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LoRa communications in wireless sensor network for radioactive sources monitoring system

Journal of Science & Technology 136 (2019) 060-065

LoRa Communications in Wireless Sensor Network for Radioactive
Sources Monitoring System
Vinh Tran-Quang*, Kieu-Ha Phung,
Kien Hoang Trung, Dung Mai Van, Dao Quang Thuan
Hanoi University of Science and Technology – No. 1, Dai Co Viet Str., Hai Ba Trung, Ha Noi, Viet Nam
Received: May 03, 2019; Accepted: June 24, 2019
Abstract
Using LoRa, a low-power long-distance communication technology, for wireless sensor networks (WSNs)
that have limited coverage range can extend to kilometers, much longer than other technologies such as
Zigbee, WiFi, WiSUN, while maintaining the sensor node's energy consumption at a relatively low level. In
this paper, the authors present the architecture of wireless sensor network systems used to monitor radiation
sources. The system consists of sensor nodes integrated with radioactive sensors and linked together to
form a radioactive network monitoring system. The LORA is used to transmit data between sensor nodes
and sink. Also in this paper, authors propose to use the MAC multi-access protocol specifically designed for
communication between nodes in the radiation control system, ensuring reliable transmission requirements
and advantages of energy consumption for communication function. Experimental implementation results
show that the system can work well with transmission range of up to 2 km in urban environments.
Keywords: radioactive sources monitoring, MAC, LoRa communications, wireless sensor network.


and treat such radioactive sources, an IoT system is
required. According to some reference models for
IoT, the communications in IoT as well as the
communications in wireless sensor networks (WSNs)
requires a signi cant expansion in the number of
connected devices. In response to this demand, sensor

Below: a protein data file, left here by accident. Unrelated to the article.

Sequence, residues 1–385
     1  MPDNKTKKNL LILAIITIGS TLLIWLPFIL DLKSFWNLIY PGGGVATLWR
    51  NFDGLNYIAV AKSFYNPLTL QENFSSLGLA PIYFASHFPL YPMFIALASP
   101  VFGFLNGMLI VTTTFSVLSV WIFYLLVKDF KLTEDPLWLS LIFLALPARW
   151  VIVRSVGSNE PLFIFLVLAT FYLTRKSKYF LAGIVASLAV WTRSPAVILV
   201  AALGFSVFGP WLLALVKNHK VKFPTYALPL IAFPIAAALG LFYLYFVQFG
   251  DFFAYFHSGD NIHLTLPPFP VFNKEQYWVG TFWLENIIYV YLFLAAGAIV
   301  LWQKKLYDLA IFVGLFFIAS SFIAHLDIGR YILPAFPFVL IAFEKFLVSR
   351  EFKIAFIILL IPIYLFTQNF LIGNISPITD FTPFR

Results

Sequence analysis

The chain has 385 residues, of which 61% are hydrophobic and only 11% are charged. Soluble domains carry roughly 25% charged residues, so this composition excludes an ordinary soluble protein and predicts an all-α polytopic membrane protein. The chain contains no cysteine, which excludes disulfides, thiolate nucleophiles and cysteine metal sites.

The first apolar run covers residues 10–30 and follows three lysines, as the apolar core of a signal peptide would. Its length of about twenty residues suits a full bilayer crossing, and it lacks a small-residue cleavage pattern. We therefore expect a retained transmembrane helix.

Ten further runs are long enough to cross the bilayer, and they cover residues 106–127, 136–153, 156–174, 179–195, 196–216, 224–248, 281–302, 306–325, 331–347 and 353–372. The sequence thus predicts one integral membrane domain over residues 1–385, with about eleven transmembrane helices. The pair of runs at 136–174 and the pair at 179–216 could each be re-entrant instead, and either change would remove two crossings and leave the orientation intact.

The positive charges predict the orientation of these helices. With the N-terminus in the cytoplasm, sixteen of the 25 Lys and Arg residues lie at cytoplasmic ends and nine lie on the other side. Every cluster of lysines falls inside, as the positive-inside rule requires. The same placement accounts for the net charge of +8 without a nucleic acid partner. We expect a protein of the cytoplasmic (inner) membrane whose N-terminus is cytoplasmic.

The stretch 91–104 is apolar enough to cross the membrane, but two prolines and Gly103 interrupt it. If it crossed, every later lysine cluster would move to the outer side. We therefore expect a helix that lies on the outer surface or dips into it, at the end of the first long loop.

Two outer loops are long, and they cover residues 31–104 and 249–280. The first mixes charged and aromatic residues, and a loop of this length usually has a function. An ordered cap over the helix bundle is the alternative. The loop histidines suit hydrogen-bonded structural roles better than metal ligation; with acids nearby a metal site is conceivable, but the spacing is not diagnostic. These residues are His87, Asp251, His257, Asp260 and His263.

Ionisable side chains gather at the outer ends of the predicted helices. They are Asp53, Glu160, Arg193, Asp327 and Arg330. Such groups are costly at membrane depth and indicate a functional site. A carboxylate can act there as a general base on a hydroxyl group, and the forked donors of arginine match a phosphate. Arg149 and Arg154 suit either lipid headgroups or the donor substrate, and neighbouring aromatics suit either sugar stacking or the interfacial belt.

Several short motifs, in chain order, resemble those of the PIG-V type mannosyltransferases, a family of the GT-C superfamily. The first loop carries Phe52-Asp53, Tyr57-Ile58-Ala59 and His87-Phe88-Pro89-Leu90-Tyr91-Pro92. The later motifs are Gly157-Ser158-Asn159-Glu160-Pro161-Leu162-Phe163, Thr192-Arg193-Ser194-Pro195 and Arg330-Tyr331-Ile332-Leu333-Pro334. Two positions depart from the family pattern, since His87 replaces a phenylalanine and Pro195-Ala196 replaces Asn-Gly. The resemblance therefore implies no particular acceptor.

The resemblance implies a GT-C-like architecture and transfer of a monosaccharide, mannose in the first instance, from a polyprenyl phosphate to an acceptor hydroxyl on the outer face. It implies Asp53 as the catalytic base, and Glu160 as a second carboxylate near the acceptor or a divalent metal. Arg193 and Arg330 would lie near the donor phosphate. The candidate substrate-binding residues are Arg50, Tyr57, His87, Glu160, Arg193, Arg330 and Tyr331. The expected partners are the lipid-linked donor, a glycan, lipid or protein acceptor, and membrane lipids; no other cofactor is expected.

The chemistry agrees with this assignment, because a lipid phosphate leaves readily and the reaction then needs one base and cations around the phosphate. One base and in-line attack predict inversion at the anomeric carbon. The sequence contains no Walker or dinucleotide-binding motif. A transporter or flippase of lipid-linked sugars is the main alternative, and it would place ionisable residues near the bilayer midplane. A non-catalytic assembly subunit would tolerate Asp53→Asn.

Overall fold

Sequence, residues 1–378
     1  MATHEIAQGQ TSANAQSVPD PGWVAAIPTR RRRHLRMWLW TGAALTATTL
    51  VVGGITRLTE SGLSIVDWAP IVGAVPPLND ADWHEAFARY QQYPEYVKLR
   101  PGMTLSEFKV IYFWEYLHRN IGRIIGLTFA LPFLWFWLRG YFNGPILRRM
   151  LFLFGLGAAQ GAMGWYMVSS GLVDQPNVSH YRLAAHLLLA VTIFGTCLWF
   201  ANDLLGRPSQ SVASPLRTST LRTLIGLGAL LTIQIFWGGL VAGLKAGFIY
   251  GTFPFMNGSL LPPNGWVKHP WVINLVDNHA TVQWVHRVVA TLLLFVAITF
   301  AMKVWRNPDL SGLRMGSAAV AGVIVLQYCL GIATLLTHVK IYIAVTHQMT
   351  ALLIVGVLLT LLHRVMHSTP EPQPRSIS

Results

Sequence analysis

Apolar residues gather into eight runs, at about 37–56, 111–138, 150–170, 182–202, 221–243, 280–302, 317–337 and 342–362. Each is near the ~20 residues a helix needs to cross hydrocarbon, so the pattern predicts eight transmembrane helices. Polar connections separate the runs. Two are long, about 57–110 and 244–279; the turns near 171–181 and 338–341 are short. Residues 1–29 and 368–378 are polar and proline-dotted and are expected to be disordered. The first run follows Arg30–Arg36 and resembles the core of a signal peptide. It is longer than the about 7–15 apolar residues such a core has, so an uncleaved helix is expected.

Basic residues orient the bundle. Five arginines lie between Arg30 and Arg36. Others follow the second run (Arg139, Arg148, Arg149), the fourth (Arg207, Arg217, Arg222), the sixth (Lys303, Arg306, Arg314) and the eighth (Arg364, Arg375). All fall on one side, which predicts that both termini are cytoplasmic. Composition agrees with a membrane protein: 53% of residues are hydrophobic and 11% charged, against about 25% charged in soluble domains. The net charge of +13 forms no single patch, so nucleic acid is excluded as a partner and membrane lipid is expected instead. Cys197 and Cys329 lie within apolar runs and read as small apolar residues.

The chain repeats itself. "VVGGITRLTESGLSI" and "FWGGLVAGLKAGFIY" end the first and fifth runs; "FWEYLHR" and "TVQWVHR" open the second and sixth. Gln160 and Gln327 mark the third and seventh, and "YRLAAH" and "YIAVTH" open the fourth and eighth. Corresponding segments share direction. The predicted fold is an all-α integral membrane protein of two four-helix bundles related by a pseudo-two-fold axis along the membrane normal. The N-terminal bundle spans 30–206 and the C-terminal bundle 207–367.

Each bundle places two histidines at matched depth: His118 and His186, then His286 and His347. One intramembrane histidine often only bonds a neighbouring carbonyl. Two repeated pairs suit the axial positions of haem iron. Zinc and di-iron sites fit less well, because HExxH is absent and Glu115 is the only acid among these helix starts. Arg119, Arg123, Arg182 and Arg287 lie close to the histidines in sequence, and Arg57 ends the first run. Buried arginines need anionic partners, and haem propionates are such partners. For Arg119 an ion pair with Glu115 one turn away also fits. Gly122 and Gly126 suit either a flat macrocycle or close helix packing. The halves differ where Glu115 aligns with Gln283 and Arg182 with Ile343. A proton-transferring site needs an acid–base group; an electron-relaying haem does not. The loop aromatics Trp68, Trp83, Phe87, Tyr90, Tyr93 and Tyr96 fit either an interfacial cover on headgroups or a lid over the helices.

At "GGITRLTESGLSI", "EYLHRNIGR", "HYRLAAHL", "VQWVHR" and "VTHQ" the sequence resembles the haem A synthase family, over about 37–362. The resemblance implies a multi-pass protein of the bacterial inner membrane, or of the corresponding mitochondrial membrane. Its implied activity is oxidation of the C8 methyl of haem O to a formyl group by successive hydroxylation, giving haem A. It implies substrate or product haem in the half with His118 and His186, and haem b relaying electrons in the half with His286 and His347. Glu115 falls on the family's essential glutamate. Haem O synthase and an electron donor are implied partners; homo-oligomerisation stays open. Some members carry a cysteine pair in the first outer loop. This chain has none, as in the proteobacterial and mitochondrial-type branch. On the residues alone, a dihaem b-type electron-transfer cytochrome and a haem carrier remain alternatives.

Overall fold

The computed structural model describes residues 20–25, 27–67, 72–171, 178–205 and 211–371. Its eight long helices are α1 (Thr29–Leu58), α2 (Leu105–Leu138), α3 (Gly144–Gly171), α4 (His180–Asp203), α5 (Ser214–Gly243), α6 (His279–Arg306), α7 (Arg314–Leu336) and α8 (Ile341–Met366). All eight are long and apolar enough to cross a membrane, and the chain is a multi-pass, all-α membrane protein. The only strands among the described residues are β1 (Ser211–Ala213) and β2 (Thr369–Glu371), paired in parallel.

nodes is technically required low cost, low power
consumption, and have the ability to connect through
wireless
communication
technologies
with
appropriate transmission distance [7]–[9].

1. Introduction
Radioactive* material out of the regulatory
control are radioactive sources, nuclear materials,
nuclear equipments that are lost, appropriated,
abandoned, illegally transferred, undeclared [1]. The
2004 Code of Conduct on the Safety and Security of
Radioactive Sources [2] requires countries to set up
mechanisms to restore radioactive sources that out of
regulatory control (Target number 5 of the Code).
Under the general principles of the Code, each
country must have a technical system to control the
stolen, abandoned radioactive sources as well as to
eliminate or minimize the consequences caused by
these sources of radiation [3][4].

Popular communication technologies such as
Bluetooth and WiFi are being used on a daily basis by
many devices like smartphones, laptops, and tablets
with high bandwidth but with a very shot
communication distance and high power consumption
have proved to be unsuitable for IoT or WSN
systems. Some other communication technologies
such as Zigbee [10] have low power consumption but
the transmission distance is still limited. LoRa
Technology (Long Range) [11] addresses the
weaknesses of these above technologies with a


theoretical straight line of sight transmission distance
up to 20 km in non-urban environment and from 2 km
to 5 km in urban environment. LoRa has the
maximum bandwidth of only 50 Kbps, but it is
suitable for IoT applications which do not require
high bandwidth. LoRa’s power consumption is quite
low (36 mA at maximum output power with Semtech
Module SX1272) [12]. In addition to LoRa long
distance communication and low power consumption
advantages, we found that this is a technology that

In spite of the management of the usage of
radioactive sources, they are still frequently using in
the world, increasing the risk of radiation exposure
for the population and the environment as well as the
impact on the socio-economic development. The
majority of known stolen sources are sources which
used in radiography, sources from isotopes, and
sources in industrial irradiation. Lost radioactive
sources are usually sealed sources, manufactured in
the form of bars, metal ball and their metal